JSW was among potential bidders looking at acquiring part of Lucchini's Piombino plant in Tuscany. The Indian company appeared on Wednesday to have lost out to Algeria's Cevital, after a committee established by the administrator recommended its bid.

No deal has been signed however and labour unions were seeking clarification of the terms of the deal from the ministry for economic development.

A third Italian steel group, Acciai Speciali Terni (AST), is in the throes of a battle between management and unions over German owner ThyssenKrupp's desire to cut 550 jobs as part of a restructuring it says is vital to secure the plant's future.

Pope Francis is among those who has weighed into the row with the pontiff having publicly backed the AST unions' case against job cuts in September.

Member comments

Log in here to leave a comment.
Become a Member to leave a comment.


EU opens probe into ArcelorMittal purchase of Ilva

European Union anti-trust authorities have opened an investigation into global steel giant ArcelorMittal's bid to buy struggling Italian steel producer Ilva, officials said on Wednesday.

EU opens probe into ArcelorMittal purchase of Ilva
Ilva's Taranto site in southern Italy is at the centre of a huge legal case over toxic emissions. Photo: Alfonso Di Vincenzo/AFP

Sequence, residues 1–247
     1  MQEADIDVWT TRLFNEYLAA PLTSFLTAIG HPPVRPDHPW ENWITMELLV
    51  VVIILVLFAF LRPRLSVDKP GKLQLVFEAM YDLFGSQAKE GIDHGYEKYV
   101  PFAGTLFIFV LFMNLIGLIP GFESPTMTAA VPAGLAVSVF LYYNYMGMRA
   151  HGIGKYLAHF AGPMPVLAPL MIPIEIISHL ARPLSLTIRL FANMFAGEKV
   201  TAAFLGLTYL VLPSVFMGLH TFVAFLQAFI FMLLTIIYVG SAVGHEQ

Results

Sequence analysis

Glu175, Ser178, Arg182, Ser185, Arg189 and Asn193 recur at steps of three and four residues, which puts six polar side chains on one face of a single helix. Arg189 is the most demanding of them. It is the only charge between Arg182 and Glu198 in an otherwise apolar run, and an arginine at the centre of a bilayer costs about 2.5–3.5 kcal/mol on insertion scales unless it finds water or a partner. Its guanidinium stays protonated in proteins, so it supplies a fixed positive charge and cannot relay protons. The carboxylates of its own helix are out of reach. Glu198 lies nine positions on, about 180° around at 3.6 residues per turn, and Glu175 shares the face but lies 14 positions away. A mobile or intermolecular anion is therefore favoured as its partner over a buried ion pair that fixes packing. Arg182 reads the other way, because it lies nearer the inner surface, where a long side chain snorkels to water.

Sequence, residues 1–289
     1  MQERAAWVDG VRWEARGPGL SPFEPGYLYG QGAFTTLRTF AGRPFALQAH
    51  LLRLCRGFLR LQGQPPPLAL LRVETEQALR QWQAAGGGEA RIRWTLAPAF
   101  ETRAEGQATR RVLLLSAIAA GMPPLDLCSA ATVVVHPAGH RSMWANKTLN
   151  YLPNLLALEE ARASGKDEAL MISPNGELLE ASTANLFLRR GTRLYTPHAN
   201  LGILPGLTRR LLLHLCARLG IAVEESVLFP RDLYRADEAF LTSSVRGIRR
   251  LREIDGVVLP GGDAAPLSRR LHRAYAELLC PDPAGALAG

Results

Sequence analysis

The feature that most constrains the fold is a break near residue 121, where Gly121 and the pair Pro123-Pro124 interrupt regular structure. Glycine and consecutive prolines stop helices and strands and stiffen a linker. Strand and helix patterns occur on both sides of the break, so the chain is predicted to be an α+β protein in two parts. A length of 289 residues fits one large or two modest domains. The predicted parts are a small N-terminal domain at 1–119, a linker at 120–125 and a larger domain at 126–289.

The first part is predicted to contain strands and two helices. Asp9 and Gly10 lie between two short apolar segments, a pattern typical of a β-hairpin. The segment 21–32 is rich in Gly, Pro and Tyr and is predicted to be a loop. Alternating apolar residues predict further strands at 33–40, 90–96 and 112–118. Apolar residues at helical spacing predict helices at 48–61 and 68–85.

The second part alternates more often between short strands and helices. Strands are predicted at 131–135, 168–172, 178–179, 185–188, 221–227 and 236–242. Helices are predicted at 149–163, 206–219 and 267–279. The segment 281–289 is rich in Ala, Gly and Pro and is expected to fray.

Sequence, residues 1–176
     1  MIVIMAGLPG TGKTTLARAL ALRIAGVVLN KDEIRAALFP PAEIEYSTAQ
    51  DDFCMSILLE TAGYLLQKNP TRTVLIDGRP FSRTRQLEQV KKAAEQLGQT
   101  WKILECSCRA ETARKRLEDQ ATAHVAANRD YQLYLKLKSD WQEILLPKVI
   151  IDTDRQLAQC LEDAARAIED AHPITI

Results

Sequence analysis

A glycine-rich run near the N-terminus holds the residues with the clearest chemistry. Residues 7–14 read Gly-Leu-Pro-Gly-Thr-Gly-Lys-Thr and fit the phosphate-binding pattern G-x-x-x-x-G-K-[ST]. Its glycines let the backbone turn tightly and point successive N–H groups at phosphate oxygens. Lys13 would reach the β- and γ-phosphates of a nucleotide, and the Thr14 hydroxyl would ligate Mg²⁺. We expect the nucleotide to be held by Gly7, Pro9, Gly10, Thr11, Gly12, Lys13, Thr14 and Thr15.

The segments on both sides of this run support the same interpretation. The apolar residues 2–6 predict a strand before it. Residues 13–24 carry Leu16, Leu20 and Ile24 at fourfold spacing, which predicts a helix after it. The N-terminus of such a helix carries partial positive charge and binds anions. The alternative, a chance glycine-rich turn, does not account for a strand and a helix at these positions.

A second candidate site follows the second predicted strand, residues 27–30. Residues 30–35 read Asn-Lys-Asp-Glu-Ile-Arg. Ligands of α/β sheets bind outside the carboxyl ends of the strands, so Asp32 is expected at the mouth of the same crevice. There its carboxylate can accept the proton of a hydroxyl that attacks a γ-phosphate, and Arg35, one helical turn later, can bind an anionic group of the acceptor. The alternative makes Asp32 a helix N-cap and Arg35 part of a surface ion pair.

The €1.8 billion ($1.9-billion) deal would see ArcelorMittal join forces with Italy's Marcegaglia to snap up the heavily indebted company, which employs 14,000 people.

“The European Commission has opened an in-depth investigation to assess the proposed acquisition of Ilva by ArcelorMittal under the EU merger regulation,” said the commission, the executive of the 28-nation EU.

“The Commission has concerns that the merger may reduce competition for a number of flat carbon steel products,” the commission said in a statement.

The Commission now has until 23rd March 2018 to decide on whether competition rules would be violated and approve or reject the proposed merger.

The EU's anti-trust commissioner Margrethe Vestager said European industries dependent on steel employ 30 million people and need to buy the material at competitive prices to compete globally.

“This is why we will carefully investigate the impact of ArcelorMittal's plans to buy Ilva on effective competition in steel markets,” Vestager said in the statement.

ArcelorMittal has pledged to keep at least 10,000 employees “for the entire duration of the industrial plan” following negotiations with unions.

After news first leaked of the takeover, hundreds of employees at Ilva's site in the northwestern city of Genoa staged a protest in June.

Ilva's Taranto site in southern Italy is at the centre of a huge legal case in which experts cited by prosecutors have charged that 11,550 people have died from toxic emissions in seven years.

Italian bank Intesa Sanpaolo has planned to join the consortium before the deal is closed.

The offer includes plans to invest €2.4 billion in Ilva, with funds earmarked for upgrading industrial equipment and improving environmental standards.

ArcelorMittal has said Ilva would be an important strategic acquisition, offering a significant presence in a country where it has no primary steelmaking capacity.